"Even after Sunday's drop fest in Pittsburgh, Lamar Jackson's completion percentage stands at just under 70 percent. He's on pace to set a career high in that category. Jackson hasn't been perfect, but through much of the first five games, he's thrown the ball well, made good decisions and stressed defenses with his arm and legs. Jackson has more rushing yards (265) than Pittsburgh's Najee Harris, Las Vegas' Josh Jacobs and Houston's Dameon Pierce, so while he seems less aggressive as a runner this year, he's still taking advantage of some opportunities."

What has not?

"The Ravens are far too often beating themselves. They've lost six fumbles in five games, and most of them have either taken away potential points or led to points for the opposition. Kenyan Drake's fumble deep in Indianapolis territory and Justice Hill's fumble at midfield in Pittsburgh were momentum killers. Jackson's ball security has been an issue all year, too. You expect the occasional fumble on a blindside hit, but a few of Jackson's fumbles are the result of carelessness more than anything else. The Ravens won't progress as an offense until they stop giving the ball away."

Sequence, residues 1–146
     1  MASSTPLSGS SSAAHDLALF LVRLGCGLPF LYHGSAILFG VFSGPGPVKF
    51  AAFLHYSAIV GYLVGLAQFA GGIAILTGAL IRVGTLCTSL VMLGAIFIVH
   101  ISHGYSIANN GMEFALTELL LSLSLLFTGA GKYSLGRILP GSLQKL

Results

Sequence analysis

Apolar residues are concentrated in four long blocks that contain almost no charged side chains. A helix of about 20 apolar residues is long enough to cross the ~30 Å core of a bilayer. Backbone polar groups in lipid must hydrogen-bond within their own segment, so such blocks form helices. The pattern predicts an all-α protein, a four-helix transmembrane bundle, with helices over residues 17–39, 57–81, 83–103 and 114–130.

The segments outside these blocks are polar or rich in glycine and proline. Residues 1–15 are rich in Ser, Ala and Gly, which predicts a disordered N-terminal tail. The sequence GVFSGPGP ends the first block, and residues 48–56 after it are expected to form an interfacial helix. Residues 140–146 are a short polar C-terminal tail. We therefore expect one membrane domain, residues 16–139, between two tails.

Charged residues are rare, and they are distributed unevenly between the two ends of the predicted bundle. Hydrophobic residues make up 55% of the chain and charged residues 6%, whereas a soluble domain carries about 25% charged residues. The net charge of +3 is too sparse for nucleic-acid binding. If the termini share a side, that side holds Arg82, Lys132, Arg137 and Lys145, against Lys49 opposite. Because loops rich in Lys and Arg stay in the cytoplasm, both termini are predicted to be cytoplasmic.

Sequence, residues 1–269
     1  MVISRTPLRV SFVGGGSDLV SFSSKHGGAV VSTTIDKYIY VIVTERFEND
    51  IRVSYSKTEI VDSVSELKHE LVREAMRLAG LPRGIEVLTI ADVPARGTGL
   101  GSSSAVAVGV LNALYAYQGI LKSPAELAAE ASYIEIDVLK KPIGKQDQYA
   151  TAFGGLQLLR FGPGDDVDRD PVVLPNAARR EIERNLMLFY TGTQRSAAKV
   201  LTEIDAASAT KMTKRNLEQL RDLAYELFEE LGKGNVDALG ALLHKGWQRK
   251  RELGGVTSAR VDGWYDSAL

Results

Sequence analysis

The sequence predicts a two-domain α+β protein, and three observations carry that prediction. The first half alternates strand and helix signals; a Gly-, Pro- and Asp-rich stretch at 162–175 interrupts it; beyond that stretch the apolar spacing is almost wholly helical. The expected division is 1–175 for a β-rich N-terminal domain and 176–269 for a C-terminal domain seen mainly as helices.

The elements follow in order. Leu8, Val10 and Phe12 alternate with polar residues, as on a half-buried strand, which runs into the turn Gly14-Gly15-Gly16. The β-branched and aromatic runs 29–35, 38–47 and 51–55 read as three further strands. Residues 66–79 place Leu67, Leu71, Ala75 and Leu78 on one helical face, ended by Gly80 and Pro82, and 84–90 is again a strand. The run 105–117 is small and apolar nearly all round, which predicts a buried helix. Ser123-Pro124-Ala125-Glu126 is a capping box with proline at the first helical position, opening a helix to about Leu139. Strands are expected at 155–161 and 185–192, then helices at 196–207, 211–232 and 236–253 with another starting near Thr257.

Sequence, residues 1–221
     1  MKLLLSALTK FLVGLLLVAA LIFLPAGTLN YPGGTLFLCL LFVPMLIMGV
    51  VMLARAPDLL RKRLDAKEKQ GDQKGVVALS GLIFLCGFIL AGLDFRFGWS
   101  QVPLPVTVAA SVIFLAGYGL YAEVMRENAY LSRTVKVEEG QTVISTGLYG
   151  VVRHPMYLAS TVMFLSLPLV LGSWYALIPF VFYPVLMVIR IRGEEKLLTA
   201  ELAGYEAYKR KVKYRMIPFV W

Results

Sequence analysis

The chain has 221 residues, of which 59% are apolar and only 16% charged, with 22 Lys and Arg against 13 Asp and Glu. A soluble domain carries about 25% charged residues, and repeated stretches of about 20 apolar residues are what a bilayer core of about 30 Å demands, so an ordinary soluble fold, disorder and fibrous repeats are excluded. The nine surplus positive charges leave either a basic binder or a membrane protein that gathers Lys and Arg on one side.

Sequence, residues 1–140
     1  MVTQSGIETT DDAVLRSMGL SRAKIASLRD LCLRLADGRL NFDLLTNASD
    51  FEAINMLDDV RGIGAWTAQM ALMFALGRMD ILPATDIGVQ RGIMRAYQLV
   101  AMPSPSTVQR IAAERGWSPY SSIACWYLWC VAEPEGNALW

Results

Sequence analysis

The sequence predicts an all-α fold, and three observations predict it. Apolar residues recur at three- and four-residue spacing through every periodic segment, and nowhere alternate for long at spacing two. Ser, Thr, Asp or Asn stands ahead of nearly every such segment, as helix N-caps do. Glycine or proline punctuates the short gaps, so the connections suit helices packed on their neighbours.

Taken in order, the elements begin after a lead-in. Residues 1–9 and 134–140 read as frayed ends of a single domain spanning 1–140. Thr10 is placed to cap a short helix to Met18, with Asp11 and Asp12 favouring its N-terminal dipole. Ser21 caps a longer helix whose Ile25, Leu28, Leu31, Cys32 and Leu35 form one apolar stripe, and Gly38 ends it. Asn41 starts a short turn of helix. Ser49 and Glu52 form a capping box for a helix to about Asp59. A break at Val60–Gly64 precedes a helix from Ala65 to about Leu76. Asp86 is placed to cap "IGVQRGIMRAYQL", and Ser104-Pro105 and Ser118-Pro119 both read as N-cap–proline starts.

What's gone well on defense?

"The Ravens have been pretty good across the board. They rank second in overall defense, tied for second in points allowed per game, third against the pass, seventh against the run and first in the red zone. It's probably helped that they've faced two backup quarterbacks, and another in Joe Burrow who wasn't healthy when they played the Bengals. But Baltimore has been missing a ton of guys on the defensive side of the ball, too, and its level hasn't dropped."

What has not?

"If there is one situational area that Baltimore's defense needs to be better in, it's on third down. The Ravens had chances to get off the field in numerous games and allowed the opposing offense to pick up too many third-and-mediums or third-and-longs. In the fourth quarter alone Sunday, the Ravens allowed Kenny Pickett and the Steelers to pick up a third-and-8, a third-and-9 and a third-and-4. They need to be better in that area."

Where Do Ravens Rank on 'Panic Scale?'’s Adam Schein ranked nine teams on the "panic scale." The Ravens came in at No. 6.

Schein said he "still really likes" the Ravens, but their penchant for giving away winnable games has become a disturbing trend.

"The thing is, this is now a thing," Schein wrote. "After Sunday's painful loss to the rival Steelers, the Ravens are now tied with the Raiders for the most blown double-digit leads since the start of the 2022 season (five). Oof.

"Lamar Jackson is 1-3 with four total touchdowns, 10 turnovers and a 66.8 career passer rating in starts against Pittsburgh. The Ravens quarterback was seen throwing his helmet in frustration on the sideline, and frankly, I don't blame him. After all, the man's teammates completely failed him on Sunday, dropping crucial passes all game long. Meanwhile, Pittsburgh's offense had been inept for most of the season ... until Kenny Pickett and Co. put 12 points on the board in the fourth quarter to steal the win."